Many have been the glowing and deserving tributes which have been offered in memory of the late Ainsley Albert Mark who departed this life on Tuesday, August 19 after he had served the “allotted three score and ten” last April.
These tributes have noted the commitment and passion which Ainsley had brought to any endeavour which he might have undertaken, whether be it his attempts to maintain his alma mater, Queen’s Royal College, in its pristine state, his exploits in horse racing or the steelband. There is no doubt Ainsley was a humanitarian who has left his “mark”.
During my countless conversations with him during the post-1970 period, he had always expressed his deep concern for the economic independence of Trinidad and Tobago. Indeed, Ainsley was very much a part of that group of local (mainly “black”) professionals and senior public officers who were committed to attempting to bringing the “commanding heights” of the economy under local control by laying the foundation for establishing such institutions as the FCB and the acquisition, by the State, of then strategically-placed foreign companies.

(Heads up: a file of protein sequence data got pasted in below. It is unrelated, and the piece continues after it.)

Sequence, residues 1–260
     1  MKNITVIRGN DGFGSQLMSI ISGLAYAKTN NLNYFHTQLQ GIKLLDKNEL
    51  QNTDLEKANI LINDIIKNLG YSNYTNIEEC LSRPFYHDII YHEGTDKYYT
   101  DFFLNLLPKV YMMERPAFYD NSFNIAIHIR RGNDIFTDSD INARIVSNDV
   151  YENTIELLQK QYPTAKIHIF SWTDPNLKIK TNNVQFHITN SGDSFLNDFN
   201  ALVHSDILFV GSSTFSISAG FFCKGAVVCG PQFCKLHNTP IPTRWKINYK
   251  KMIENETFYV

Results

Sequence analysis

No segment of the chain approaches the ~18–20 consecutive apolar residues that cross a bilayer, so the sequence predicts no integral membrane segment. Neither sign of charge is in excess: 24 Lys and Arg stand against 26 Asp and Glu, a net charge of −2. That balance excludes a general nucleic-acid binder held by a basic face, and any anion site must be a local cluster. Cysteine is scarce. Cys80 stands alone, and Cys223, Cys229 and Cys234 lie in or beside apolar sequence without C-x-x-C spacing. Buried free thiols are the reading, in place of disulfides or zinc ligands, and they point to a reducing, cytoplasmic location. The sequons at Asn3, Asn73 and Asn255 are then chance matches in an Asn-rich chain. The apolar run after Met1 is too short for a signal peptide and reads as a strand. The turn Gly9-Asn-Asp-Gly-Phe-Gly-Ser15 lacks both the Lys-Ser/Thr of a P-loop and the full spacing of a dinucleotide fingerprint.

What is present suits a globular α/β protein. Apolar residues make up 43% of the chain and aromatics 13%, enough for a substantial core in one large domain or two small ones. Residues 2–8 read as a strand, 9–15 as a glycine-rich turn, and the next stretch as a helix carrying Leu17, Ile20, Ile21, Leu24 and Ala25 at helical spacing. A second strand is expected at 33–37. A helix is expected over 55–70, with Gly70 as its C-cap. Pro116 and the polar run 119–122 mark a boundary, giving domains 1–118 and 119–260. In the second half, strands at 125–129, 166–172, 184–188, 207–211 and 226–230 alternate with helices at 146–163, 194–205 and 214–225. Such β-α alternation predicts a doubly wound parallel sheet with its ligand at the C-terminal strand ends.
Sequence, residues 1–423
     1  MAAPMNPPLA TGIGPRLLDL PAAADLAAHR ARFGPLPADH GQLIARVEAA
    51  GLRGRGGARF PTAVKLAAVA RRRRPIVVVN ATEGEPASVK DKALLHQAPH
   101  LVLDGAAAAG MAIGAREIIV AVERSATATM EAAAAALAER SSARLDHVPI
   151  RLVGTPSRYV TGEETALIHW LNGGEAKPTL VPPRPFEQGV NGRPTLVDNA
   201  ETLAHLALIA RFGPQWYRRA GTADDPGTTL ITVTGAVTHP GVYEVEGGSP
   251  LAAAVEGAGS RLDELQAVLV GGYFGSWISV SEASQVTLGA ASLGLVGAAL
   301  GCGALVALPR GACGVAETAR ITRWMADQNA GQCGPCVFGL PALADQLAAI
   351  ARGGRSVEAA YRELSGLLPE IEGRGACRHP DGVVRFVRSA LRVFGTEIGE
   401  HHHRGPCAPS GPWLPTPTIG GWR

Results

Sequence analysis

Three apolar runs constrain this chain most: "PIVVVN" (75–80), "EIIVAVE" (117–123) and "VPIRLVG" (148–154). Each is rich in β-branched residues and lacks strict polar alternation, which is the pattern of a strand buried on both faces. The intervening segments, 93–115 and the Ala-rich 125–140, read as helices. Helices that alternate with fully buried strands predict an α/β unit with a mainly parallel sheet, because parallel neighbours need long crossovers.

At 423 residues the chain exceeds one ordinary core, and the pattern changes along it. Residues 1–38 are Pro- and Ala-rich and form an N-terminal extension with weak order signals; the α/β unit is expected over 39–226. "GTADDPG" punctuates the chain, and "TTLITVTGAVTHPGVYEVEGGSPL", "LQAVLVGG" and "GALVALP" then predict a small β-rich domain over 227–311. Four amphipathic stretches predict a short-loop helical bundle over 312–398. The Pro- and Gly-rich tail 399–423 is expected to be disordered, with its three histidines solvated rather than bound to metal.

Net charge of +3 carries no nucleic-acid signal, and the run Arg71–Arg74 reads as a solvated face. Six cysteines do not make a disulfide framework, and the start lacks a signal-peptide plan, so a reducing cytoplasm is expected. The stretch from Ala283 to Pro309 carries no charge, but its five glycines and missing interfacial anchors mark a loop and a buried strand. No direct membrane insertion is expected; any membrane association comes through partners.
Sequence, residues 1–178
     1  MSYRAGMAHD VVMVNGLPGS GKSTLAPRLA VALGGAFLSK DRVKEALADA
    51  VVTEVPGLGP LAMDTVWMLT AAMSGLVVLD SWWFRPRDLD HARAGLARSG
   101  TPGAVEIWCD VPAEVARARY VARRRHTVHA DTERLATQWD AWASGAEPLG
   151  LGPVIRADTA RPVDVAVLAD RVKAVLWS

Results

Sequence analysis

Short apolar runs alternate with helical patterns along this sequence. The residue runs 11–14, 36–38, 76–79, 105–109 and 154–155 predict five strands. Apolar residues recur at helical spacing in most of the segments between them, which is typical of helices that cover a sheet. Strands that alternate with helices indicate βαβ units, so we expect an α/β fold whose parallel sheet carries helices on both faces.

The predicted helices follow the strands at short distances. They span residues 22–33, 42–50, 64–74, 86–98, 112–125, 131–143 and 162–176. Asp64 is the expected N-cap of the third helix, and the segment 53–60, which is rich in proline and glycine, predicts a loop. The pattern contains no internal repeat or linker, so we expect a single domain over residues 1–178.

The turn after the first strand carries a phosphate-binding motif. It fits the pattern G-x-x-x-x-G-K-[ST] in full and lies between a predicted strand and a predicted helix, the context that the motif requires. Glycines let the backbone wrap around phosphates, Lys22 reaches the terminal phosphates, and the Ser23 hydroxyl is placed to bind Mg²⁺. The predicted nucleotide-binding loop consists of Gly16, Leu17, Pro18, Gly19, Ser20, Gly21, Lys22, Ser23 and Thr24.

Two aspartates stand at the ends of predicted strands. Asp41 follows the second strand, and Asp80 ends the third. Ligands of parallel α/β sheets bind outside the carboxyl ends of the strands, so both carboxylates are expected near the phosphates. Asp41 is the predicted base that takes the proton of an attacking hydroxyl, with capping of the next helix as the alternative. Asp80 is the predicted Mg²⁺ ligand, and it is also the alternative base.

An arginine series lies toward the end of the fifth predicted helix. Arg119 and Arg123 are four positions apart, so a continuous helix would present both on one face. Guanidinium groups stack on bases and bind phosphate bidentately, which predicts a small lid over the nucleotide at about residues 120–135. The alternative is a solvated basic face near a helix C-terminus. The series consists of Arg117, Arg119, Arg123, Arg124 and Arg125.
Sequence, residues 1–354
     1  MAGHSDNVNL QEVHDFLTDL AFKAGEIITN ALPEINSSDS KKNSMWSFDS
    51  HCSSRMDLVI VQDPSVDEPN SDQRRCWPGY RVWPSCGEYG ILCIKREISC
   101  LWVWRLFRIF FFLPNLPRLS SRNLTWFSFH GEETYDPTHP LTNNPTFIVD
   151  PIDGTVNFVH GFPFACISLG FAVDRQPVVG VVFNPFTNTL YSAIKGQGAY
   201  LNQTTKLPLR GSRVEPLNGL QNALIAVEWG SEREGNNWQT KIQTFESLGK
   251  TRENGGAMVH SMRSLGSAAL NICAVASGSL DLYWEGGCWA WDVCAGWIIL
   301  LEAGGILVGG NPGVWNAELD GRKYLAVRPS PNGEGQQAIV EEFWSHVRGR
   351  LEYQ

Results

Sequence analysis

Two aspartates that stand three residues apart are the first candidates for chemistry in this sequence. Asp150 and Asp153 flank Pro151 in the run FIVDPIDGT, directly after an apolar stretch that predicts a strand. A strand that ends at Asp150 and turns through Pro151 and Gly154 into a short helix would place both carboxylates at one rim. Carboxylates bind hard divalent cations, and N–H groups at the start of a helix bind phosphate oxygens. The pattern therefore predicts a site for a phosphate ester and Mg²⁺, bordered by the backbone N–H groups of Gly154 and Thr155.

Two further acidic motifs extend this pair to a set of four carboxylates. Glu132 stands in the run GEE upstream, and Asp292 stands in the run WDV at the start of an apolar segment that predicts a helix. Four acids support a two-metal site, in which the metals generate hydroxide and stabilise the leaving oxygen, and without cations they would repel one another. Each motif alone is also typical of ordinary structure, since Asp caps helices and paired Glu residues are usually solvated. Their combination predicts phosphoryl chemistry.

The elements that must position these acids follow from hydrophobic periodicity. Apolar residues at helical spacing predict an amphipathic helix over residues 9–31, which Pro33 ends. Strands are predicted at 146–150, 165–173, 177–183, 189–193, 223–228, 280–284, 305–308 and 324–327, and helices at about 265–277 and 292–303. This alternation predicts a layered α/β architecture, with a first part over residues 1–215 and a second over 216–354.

It is within this context, therefore, that Ainsley had seen the need to reduce the influence and\or the presence locally of multinational firms in his own chosen professional field of Accounting and Auditing. It should be noted that, at that time, there were but a few local such firms among which was that of John Hunt who, like Ainsley, was a QRC old boy. Indeed Hunt was reputed to have been the first T&T Island Scholar to have chosen to enter the field of Accountancy.
The above explains Ainsley’s decision to establish and to lead a local accounting firm in the form of Mark, Castillo and Toney (now Pannell Kerr Foster). May his legacy be maintained and bay he rest in peace.
Errol OC Cupid